A pod packed with peas is one of the best sights in the vegetable garden, and resisting the urge to split it open and scoff the contents immediately after picking them displays superhuman willpower. Thankfully, reaching this state of pea pleasure is fairly straightforward as growing peas in your garden couldn’t be easier. To boost your pursuit of the perfect pea, we’ve got ten top tips and suggestions for making the most of them…
Early varieties of peas can be sown directly in the ground from March, while you can hold off on later varieties until June – which gives you the option of succession sowing for a lengthy harvest season. Simply pop pea seeds into holes or a trench 50mm deep and cover with soil. You can also sow peas indoors a little earlier, planting them out when the young shoots have a few sets of leaves and have been hardened off. While peas appreciate some decent compost to get them going, avoid feeding them with extra nutrients – this will only encourage more leaves to grow instead of the all-important pea pods.
If you don’t have much of a garden then all we are saying is give peas a chance by growing compact varieties in a large plant pot or container on your patio. Peas like to be well watered though so those potted plants will need extra visits with the watering can.
The two main pests your peas will have to stave off are mice and pigeons: the former like to demolish the pea seeds while the latter will eagerly snaffle the young leaves. Covering with netting will help to deter the pigeons, or you could try a bird scaring device such as a shiny compact disc dangling above the pea patch. If either of these pests is a concern then sow more than you need and hope some make it through unscathed – peas are tough plants and even a nibbled shoot will often storm back to life a week later.
One of the common questions about growing peas is ‘Do pea plants need supports?’. Pea plants like to ramble and climb, looking for things their tendrils can easily latch onto. Line your pea patch with bamboo canes or similar long supports, wrapping string around the structure at regular intervals to give them something to attach themselves to in between the canes, and marvel at their rapid ascent.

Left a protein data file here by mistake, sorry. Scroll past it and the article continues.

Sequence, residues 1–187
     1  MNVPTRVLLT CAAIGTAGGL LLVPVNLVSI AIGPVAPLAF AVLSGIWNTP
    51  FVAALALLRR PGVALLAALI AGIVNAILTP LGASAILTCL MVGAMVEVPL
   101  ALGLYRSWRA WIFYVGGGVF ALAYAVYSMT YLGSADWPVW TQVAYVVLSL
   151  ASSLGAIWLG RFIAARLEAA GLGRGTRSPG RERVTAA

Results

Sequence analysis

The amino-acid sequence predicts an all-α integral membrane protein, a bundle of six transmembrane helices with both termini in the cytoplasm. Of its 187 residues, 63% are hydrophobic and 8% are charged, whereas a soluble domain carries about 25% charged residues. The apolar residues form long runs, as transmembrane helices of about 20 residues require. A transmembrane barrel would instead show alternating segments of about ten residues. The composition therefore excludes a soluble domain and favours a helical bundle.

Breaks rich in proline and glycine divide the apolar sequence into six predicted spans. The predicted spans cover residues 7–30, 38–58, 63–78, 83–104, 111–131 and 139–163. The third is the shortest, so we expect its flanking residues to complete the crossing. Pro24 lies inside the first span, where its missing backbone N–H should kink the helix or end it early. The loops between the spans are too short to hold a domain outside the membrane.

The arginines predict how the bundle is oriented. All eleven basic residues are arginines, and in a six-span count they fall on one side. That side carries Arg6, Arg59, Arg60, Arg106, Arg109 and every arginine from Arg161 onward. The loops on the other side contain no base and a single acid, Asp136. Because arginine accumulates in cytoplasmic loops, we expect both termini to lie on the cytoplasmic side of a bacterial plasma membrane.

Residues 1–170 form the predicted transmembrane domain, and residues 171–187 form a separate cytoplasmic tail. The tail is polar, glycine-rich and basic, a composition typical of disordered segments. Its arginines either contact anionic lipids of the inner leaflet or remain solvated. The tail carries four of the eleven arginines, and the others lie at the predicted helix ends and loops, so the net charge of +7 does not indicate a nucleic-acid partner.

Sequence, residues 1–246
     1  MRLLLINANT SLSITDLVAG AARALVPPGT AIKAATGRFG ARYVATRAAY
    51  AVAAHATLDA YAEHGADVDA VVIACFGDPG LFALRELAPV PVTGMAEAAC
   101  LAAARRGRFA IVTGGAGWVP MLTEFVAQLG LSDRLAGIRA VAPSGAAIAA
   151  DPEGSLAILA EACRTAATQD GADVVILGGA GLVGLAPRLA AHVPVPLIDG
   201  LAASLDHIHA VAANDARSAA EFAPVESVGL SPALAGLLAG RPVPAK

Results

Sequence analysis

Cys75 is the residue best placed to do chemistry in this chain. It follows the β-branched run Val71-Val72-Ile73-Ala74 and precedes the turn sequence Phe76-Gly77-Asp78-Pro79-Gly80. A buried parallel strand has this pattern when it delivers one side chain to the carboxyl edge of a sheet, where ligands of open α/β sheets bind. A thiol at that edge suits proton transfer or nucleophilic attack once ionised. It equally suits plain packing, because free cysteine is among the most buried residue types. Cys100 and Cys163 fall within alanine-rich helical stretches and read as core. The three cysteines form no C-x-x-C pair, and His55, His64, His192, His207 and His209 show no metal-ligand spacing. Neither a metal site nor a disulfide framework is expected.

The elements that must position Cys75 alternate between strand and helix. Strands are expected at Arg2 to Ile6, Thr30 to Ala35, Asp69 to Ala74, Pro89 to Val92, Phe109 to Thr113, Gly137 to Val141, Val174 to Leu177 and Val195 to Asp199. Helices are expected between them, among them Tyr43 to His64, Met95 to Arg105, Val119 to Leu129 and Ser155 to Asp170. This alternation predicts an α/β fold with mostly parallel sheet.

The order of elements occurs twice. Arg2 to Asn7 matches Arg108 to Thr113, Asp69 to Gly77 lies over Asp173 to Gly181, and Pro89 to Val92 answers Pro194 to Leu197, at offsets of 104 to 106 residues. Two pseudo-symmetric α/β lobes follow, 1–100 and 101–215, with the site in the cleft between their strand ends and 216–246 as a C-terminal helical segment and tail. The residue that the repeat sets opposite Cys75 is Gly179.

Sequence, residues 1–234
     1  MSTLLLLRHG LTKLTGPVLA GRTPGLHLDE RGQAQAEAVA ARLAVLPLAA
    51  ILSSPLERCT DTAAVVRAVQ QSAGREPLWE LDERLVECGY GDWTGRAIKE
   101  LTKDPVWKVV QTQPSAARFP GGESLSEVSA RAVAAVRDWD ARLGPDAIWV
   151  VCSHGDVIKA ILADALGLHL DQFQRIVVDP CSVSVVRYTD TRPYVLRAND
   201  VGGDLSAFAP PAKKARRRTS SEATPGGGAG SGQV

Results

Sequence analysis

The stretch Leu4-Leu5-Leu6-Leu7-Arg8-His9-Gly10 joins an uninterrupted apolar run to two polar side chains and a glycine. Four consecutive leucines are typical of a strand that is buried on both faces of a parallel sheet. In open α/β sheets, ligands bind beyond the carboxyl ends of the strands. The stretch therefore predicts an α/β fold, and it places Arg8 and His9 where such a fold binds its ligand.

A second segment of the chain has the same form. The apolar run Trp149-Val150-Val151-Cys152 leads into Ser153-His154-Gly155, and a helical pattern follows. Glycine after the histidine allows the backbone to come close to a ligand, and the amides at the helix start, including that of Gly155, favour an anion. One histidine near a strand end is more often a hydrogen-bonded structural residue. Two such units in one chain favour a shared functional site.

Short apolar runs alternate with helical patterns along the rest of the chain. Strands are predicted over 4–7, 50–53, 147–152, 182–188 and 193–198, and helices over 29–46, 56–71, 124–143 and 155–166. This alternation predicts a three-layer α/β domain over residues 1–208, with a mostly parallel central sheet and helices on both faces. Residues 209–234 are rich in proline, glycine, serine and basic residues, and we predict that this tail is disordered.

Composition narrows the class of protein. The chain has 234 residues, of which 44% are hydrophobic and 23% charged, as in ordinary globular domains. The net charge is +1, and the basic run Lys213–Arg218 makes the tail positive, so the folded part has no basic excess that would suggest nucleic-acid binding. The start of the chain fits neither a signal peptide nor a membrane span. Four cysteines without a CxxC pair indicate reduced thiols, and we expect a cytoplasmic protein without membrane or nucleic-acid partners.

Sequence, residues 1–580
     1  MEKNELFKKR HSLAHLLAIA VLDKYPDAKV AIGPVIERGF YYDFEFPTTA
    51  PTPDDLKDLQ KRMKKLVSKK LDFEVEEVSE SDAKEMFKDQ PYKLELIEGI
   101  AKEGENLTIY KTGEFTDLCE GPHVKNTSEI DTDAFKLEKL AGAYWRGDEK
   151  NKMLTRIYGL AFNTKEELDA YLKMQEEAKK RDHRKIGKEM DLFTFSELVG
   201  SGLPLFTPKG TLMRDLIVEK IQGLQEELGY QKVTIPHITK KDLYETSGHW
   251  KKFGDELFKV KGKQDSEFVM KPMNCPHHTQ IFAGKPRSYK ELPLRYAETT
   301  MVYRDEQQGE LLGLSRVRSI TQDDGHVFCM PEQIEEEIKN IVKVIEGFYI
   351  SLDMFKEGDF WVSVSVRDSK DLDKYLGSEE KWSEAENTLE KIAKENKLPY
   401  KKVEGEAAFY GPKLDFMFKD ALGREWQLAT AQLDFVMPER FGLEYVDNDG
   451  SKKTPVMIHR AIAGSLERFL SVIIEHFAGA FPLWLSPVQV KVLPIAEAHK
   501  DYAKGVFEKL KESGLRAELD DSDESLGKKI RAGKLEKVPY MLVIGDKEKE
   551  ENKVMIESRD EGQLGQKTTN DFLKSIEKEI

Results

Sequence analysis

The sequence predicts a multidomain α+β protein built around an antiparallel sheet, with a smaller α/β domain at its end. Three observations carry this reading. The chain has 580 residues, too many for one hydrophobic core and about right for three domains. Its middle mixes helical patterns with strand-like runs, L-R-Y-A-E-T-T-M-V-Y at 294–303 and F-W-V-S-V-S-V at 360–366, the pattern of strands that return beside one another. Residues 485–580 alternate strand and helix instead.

If you don’t fancy creating tall climbing structures in your garden then consider a dwarf cultivar such as Kelvedon Wonder – for these, shorter twigs pruned from your trees over winter will suffice.
Legumes such as peas are packed with nitrogen-fixing bacteria, so rather than dig up your spent plants, chop them off just above the ground and allow the roots to naturally rot. This will release nitrogen into the soil which will be of huge benefit to potatoes grown in the same patch the following year.
If you’re in the mood for fancy salad ingredients then pea shoots rarely fail to impress. But rather than shell out for an expensive bag from the delicatessen, grow your own instead. All you need to do is sow a handful of peas in a plant pot and snip off the shoots when they’re a few inches tall. If you’re lucky you should get a few more harvests from each plant. You can buy peas that have been specially cultivated for their shooting prowess, or for an even thriftier option simply by a box of dried peas from the supermarket, soaking them overnight before sowing.
Sugar snap peas
If you want more variety to your pea munching, sugar snap peas are well worth growing. These pea pods are picked when you can satisfyingly snap them in half with your fingers and before the peas inside get plump. You then eat the lot, benefitting from the extra sweetness those fresh pickings will deliver.
Peas are loaded with vitamins C, K, manganese and thiamin. Our favourite culinary use is to stir them fresh into a pea risotto – not only a delicious way to enjoy them but by avoiding plunging them in a large pan of boiling water you’ll also preserve those healthy vitamins.
There’s very little that’s fresh about mushy peas. They are made from dried marrowfat peas (those that have been allowed to grow on for a few weeks to get plump) that have been soaked in water and baking soda, rinsed and cooked until they soften. They may not be as naturally healthy as fresh garden peas but nothing goes better with a plate of fish and chips!
The Two Thirsty Gardeners, Rich and Nick, are bloggers who love gardening, eating and drinking in equal measure! They love to share tales from their allotment including their experiments turning the spoils of their crops into alcohol, both the good and the bad!
To find out more about Rich and Nick, click here.